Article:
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Kenya to spend U.S. $13 million dollars on purchasing livestock

NAIROBI (Xinhua) -- Kenya has set aside 13 million U.S. dollars for a livestock offtake program aimed at mitigating the effects of the ongoing drought, an official said Wednesday.

Vice Minister of Agriculture, Livestock and Fisheries Andrew Tuimur told journalists that the government is prioritizing the purchase of animals in drought-hit areas in order to cushion farmers from losses.

"Already 6 million dollars has been used to purchase livestock from farmers in the drought-hit areas," Tuimur said, adding nother 6.5 million dollars will be spent next week for livestock purchase.

The official said that animal herders have been one of the biggest causalities of the drought.

Farmers of key export crops such as tea are also being affected by the lack of rainfall that has led to water rationing in many urban centers.

The drought which began last year has affected 23 counties so far.

Humanitarian organizations estimate that at least 1.5 million people are in need of food aid.

The government will slaughter the animals purchased and use them to feed the locals.

The livestock offtake program is part of the measures instituted to mitigate the effects of the drought. Others include a program to supply food to schools which will in turn reduce fees for students.

Meanwhile, President Uhuru Kenyatta said the government will distribute relief food to schools in arid and semi-arid counties to ensure learning is not affected by the drought.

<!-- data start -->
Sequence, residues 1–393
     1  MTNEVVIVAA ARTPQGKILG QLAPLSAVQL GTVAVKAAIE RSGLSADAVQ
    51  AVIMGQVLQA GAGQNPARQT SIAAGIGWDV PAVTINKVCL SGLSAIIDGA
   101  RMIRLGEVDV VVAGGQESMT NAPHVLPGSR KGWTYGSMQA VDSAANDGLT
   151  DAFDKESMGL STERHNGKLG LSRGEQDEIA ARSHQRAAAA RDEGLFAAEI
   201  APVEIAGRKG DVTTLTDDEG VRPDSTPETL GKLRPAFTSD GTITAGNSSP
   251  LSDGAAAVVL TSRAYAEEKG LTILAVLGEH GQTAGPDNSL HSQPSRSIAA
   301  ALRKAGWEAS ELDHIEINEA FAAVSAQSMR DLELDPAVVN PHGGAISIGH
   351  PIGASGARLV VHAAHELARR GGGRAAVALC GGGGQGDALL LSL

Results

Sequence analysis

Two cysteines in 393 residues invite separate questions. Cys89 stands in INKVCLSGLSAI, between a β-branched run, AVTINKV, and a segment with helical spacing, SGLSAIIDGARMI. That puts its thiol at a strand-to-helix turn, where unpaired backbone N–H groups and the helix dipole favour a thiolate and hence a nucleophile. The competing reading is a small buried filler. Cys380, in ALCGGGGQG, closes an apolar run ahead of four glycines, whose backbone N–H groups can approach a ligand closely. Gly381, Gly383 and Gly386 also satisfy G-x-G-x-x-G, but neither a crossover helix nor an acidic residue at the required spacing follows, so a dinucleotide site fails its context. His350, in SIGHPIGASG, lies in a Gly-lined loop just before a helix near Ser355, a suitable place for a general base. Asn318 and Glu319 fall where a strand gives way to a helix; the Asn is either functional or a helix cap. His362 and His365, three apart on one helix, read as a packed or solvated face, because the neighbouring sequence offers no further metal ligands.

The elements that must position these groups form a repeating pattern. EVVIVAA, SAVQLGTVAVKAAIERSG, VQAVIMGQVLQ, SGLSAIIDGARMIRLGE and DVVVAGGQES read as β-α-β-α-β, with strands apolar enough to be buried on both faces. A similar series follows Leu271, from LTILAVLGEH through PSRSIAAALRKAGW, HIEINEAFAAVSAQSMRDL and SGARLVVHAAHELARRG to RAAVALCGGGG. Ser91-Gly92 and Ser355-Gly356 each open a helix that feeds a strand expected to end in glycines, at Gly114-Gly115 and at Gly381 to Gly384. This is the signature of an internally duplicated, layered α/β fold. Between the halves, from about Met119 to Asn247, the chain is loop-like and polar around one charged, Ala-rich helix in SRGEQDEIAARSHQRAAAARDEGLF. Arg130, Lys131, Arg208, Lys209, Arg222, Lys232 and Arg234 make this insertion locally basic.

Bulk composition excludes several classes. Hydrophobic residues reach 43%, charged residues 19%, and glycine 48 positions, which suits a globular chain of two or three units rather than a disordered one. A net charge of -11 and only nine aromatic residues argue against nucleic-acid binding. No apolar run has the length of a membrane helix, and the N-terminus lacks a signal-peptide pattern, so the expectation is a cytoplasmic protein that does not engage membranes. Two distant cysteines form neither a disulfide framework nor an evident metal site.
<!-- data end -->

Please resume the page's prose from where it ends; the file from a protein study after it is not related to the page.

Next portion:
"As national government we are taking this issue to Parliament requesting them to realign the budget and allocate funds to purchase food for Kenyans affected by drought," he said on Wednesday in Kitui, eastern Kenya, when he flagged off a convoy of water boozers and trucks loaded with relief food and hay for livestock to be sent to affected families.

Kenyatta said the government will scale down funds for some of its development projects as part of its measures to enhance relief efforts.

The East African nation is facing a prolonged drought, which experts have warned could further worsen the food insecurity.

The National Disaster Management Authority (NDMA) said in a report early this month that the food security situation will continue to worsen over the next few months due to failure of the short rains.

"The short rains season was too brief and too weak to have any meaningful impact on recovery.

For counties where both the long rains and the short rains were below normal, conditions are already very poor," the agency said in its early warning bulletin.



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